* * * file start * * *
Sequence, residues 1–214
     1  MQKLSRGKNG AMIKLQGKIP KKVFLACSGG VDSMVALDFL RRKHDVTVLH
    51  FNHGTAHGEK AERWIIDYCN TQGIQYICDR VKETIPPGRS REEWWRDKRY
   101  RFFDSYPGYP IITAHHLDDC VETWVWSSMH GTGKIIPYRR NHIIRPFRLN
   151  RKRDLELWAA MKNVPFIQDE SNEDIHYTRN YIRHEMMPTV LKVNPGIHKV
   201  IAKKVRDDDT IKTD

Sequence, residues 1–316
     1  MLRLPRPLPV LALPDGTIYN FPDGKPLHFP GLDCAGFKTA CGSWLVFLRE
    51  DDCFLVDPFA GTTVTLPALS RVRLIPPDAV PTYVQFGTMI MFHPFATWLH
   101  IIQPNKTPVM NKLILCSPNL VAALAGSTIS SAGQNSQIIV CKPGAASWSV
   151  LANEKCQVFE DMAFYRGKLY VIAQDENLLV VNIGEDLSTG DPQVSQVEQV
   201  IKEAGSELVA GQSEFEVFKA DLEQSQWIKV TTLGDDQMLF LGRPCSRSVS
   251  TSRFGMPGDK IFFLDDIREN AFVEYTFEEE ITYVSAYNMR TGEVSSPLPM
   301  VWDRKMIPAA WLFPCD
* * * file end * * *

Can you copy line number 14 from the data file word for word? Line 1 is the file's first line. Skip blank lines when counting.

   301  VWDRKMIPAA WLFPCD